Harpal S. Khanuja, MD, et al.
In The Journal of Bone and Joint Surgery. March 2, 2011. Vol. 93. No. 5. Pp. 500-507.
In this report, surgeons reviewed the long-term results of six different cementless hip joint implants. The implants are compared based on their surfaces and coating, geometric designs, and technique of preparation.
In order to study and compare the various types of cementless implants available, six separate groups or classifications have been established. By name, these include: 1) single wedge, 2) double wedge, 3) tapered, 4) cylindrical, 5) modular, and 6) anatomic. The tapered implant has three separate types: round, cone, or rectangle (referring to the top of the stem that fits into the round ball that replaces the head of the femur).
Each of the unique design features of these six types has important characteristics and purposes. The surgeon chooses the implant design that is best for each patient on a case-by-case basis. The different shapes allow for different areas of bone-to-implant fixation needed for a stable unit.
The shape of the stem (whether tapered, round, curved, or straight) also influences bone-to-implant fixation by changing the contact points between these two surfaces. For example, tapered stems are wider at the top and narrower at the bottom. Bone fixation is greater at the top where there is more surface to latch onto.
Problems may develop in the future as newer, different designs are developed that don’t necessarily fit into one of the current six implant types. The classification scheme may have to be changed over time as newer materials and designs become available.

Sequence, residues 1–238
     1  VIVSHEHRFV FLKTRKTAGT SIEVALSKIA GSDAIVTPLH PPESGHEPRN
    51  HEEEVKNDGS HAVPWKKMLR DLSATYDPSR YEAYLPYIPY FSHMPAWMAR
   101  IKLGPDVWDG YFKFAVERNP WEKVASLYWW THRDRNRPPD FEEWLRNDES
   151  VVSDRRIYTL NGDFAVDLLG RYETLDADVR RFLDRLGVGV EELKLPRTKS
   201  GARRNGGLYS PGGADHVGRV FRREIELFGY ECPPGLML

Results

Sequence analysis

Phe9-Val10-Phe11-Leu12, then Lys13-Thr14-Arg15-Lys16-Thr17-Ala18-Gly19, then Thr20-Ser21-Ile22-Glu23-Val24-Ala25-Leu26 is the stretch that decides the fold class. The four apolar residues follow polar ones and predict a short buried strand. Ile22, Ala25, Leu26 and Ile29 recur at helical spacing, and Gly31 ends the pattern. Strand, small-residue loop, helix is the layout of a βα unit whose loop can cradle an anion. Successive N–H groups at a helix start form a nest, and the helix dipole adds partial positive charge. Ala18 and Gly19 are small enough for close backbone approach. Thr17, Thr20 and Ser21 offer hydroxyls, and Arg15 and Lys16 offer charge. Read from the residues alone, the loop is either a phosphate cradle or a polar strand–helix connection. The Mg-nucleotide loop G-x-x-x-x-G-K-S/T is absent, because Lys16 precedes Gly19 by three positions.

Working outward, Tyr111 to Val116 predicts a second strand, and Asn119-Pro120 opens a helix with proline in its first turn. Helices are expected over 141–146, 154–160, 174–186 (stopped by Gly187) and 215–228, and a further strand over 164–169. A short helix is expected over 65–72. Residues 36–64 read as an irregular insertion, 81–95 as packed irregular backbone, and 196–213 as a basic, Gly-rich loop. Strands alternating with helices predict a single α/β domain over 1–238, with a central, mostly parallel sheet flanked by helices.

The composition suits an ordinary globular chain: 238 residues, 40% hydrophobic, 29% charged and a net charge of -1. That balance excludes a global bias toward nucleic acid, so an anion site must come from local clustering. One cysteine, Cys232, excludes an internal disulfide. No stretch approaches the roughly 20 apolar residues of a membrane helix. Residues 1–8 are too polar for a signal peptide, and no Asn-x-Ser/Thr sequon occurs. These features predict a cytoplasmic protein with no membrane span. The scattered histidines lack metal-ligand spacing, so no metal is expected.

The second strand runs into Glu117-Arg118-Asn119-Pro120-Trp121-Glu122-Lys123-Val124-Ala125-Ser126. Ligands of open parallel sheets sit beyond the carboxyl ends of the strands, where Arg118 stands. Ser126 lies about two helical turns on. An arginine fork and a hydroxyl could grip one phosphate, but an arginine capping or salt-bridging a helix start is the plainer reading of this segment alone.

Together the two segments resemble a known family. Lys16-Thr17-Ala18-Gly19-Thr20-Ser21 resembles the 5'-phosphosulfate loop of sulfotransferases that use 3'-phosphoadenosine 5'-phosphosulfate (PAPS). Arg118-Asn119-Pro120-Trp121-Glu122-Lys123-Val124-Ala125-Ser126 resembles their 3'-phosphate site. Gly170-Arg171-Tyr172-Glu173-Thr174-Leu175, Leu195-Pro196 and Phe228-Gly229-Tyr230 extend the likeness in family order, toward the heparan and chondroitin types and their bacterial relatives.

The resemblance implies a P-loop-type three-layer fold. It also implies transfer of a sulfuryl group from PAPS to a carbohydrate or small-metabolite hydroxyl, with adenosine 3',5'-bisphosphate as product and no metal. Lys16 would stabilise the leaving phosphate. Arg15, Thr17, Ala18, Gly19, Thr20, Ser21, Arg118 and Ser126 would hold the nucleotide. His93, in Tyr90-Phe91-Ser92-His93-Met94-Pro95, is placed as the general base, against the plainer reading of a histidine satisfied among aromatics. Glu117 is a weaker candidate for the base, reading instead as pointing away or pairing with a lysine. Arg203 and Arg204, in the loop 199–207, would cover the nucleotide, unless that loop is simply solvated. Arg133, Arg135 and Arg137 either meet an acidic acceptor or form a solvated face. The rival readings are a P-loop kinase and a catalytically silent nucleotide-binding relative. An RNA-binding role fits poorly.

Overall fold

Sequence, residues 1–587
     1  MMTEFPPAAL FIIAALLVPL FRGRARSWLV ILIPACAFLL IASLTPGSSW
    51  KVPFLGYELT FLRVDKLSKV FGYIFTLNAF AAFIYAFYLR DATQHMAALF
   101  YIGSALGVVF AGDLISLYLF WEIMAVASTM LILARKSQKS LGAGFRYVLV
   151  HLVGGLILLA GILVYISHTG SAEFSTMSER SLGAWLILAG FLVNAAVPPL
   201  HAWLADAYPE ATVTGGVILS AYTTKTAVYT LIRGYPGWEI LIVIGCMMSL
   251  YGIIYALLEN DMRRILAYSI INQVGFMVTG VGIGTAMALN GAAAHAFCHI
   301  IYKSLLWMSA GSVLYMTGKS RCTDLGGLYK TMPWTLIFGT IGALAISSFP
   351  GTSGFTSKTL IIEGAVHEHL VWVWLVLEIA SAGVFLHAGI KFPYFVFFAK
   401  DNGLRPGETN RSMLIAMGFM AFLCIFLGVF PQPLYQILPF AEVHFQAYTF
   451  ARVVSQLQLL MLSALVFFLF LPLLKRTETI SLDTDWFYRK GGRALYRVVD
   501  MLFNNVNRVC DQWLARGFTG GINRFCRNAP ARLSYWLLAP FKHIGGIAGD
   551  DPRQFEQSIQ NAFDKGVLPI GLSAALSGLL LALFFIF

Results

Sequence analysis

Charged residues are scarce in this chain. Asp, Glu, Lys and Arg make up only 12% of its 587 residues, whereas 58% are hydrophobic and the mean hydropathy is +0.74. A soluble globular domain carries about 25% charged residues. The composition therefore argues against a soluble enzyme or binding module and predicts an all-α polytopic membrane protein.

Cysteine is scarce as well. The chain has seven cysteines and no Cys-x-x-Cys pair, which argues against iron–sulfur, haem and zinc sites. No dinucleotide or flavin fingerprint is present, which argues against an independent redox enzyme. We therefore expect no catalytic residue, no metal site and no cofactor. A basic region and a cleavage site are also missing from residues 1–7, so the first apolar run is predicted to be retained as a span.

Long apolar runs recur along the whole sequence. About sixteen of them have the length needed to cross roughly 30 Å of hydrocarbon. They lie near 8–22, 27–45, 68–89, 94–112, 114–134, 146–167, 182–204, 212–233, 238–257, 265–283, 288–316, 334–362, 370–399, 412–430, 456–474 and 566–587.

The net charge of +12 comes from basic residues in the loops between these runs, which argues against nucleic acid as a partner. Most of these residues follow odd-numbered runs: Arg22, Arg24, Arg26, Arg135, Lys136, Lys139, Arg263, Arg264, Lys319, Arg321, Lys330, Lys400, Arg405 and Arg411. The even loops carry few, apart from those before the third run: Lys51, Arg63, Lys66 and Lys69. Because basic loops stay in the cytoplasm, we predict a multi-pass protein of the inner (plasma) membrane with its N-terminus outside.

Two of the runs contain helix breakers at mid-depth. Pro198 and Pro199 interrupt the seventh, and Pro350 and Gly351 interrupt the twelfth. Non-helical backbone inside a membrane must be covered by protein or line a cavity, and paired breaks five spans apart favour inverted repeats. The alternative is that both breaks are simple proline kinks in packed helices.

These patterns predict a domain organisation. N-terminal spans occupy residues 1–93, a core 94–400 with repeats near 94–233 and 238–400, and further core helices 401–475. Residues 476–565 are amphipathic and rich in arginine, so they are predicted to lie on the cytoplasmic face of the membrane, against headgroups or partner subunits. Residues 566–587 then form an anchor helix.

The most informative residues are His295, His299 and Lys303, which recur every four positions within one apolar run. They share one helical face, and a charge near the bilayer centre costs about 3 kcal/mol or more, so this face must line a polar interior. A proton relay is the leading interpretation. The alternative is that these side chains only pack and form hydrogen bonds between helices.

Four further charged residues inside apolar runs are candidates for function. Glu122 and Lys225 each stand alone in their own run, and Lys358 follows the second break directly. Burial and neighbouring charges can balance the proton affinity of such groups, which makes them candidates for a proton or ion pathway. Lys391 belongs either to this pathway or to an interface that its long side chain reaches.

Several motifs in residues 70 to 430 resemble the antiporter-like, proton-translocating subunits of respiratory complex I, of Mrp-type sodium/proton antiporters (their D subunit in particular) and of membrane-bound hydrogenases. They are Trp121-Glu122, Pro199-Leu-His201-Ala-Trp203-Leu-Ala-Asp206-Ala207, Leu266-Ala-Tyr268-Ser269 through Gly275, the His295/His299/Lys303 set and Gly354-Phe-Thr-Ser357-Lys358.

For now, let’s look at what the authors can tell us about the long-term (10 to 15 years or longer) results for these six groups. The overall goal of all implants (no matter what their design) is to make contact with the bone and stabilise the joint.
As it turns out, all six types have equally good rates of survival and success. The average patient will respond well to any of these implants. When there are deformities and/or problems with the bone, then the surgeon may need to select a specific implant based on its design.
For the general population, materials and fixation aren’t as important as the geometric design. For example, type one (single wedge) is flat and thin with less surface space for contact with bone. Type three (tapered) can be fluted at the end with multiple slots and edges to make greater contact with bone. Type four (cylindrical) is a fully coated porous surface (bumpy, not smooth) that touches the bone along the entire length of the stem.
The authors conclude by saying that future studies will need to pay more attention to the bone type of patients when selecting the an implant that will give the best results. Long-term studies are needed to show outcomes based on bone quality (e.g., thick versus thin, osteoporotic versus normal).